J Neurol Neurosurg Psychiatry 75:1163-1165 doi:10.1136/jnnp.2003.019547
  • Short report

Subacute dementia and imaging correlates in a case of Fahr’s disease

  1. T Benke1,
  2. E Karner1,
  3. K Seppi1,
  4. M Delazer1,
  5. J Marksteiner2,
  6. E Donnemiller3
  1. 1University Clinic of Neurology, Innsbruck, Austria
  2. 2University Clinics of Psychiatry and Nuclear Medicine, Innsbruck, Austria
  3. 3University Clinic of Nuclear Medicine, Innsbruck, Austria
  1. Correspondence to:
 Dr T Benke
 Klinik für Neurologie Innsbruck, Anichstr. 35, A-6002 Innsbruck, Austria;
  • Received 26 May 2003
  • Accepted 16 September 2003
  • Revised 19 August 2003


We report a case of idiopathic bilateral basal ganglia calcinosis, or Fahr’s disease (FD) in a 50 year old patient who developed rapidly progressive behavioural abnormalities and severe neuropsychological impairments, but no movement disorder. Neuropsychological deficits included a severe dysexecutive syndrome, anterograde amnesia, and attentional impairment. Neuropsychiatric features comprised apathy with intermittent disinhibition, anxiety, irritability, frequent mood changes, ritualistic and antisocial behaviour, and psychosis. Fluorodeoxyglucose positron emission tomography showed a massive reduction of glucose metabolism in the basal ganglia and the frontal brain. The observed abnormalities possibly result from a disruption of frontostriatal circuits, presumably at the basal ganglia level. This case indicates that FD may cause exclusively behavioural alterations and that the associated hypometabolism in certain frontal areas is closely related to the clinical picture.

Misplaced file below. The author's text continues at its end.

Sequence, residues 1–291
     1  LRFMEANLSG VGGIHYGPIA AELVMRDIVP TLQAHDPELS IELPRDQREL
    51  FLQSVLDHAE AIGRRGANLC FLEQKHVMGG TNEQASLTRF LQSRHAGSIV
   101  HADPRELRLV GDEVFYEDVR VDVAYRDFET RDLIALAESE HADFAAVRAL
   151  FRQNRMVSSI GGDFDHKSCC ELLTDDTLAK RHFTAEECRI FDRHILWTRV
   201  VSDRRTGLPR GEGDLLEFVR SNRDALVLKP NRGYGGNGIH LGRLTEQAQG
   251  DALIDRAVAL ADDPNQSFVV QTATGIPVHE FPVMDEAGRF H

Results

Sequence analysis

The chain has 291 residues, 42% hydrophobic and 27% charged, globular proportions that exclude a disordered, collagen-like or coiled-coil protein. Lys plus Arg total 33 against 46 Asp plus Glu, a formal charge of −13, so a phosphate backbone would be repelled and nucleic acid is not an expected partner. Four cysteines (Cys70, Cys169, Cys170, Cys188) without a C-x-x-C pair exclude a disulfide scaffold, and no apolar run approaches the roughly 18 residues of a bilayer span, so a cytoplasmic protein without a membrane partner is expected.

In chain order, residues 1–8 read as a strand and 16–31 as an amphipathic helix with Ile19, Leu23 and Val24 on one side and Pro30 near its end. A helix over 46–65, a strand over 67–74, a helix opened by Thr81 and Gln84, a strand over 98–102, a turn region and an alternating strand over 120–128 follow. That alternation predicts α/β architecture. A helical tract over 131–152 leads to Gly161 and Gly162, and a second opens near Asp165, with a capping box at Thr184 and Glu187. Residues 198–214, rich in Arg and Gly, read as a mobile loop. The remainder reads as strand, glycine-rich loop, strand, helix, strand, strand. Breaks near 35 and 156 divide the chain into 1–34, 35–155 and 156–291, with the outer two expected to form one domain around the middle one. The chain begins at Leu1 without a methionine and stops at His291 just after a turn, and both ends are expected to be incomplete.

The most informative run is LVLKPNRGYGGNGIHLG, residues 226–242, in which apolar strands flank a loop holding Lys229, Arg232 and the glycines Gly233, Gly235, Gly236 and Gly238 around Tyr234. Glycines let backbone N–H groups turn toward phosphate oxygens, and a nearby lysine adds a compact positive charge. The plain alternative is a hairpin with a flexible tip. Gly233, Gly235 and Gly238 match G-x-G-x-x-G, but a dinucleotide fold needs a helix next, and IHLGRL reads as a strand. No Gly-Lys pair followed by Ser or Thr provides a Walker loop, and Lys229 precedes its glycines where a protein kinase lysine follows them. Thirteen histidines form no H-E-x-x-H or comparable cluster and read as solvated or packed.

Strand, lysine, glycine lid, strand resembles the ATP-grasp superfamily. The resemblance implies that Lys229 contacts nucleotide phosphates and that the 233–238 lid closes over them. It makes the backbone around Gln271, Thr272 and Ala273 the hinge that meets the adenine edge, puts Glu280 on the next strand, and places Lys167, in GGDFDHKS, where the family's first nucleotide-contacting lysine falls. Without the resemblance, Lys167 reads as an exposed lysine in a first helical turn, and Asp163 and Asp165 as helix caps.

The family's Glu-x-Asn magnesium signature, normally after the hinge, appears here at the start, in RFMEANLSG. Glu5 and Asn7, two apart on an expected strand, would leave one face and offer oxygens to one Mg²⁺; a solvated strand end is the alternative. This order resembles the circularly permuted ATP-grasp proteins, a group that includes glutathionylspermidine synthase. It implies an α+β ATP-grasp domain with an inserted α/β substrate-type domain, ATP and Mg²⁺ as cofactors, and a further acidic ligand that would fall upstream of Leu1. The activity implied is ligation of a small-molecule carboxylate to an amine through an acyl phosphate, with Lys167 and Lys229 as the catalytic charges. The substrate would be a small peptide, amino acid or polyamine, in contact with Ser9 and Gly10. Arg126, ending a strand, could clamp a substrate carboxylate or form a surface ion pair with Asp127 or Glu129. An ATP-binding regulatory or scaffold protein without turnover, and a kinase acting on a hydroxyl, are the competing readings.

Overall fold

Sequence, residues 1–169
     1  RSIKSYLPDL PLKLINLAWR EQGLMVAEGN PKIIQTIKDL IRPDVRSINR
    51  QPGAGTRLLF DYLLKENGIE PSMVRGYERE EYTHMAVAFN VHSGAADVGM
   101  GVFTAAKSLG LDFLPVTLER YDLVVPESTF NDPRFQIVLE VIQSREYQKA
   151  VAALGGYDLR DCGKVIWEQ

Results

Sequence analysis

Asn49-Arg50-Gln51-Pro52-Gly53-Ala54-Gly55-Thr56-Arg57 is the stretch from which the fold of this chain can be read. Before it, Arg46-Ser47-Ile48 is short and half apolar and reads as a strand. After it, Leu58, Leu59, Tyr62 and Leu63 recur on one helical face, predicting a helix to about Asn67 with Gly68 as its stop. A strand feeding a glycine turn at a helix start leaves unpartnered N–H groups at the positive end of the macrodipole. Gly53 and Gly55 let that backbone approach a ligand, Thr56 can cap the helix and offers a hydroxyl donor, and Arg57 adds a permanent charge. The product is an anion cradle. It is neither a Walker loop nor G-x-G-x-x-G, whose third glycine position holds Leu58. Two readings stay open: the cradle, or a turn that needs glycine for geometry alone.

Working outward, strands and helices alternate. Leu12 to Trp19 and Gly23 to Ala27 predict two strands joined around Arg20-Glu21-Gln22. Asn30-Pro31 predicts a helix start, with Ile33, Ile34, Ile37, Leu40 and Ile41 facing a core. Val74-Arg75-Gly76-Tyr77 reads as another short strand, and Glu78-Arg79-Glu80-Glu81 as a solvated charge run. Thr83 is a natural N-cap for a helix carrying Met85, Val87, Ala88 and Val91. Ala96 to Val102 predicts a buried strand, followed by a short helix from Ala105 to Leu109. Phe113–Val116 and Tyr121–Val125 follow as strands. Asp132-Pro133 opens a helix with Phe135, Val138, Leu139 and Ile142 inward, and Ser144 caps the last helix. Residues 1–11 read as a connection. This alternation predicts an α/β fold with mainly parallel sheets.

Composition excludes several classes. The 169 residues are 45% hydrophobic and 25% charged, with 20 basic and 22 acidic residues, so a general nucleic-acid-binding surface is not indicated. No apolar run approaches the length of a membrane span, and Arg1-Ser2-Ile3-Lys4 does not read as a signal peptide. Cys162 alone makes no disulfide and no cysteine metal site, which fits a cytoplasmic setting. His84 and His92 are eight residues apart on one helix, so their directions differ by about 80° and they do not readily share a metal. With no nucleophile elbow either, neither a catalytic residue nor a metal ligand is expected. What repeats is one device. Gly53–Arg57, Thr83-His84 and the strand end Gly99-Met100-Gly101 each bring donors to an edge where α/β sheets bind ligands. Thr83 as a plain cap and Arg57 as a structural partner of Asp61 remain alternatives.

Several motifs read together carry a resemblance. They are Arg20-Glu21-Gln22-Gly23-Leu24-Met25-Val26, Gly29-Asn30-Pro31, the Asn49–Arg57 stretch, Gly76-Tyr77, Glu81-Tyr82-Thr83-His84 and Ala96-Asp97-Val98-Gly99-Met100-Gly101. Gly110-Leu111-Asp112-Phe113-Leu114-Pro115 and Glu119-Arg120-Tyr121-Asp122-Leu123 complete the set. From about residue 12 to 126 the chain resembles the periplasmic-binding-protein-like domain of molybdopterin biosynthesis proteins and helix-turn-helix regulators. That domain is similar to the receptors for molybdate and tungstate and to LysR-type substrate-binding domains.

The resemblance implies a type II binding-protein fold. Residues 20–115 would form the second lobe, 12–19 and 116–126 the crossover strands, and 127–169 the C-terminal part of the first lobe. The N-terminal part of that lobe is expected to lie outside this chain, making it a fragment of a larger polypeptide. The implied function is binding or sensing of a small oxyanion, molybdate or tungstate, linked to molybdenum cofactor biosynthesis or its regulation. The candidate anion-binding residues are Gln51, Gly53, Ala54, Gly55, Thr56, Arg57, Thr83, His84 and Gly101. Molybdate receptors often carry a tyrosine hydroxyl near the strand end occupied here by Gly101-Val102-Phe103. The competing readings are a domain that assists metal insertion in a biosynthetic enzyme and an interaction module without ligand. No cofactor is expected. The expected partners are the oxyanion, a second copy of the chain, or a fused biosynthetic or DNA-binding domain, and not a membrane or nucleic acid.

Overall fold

• Competing interests: none declared

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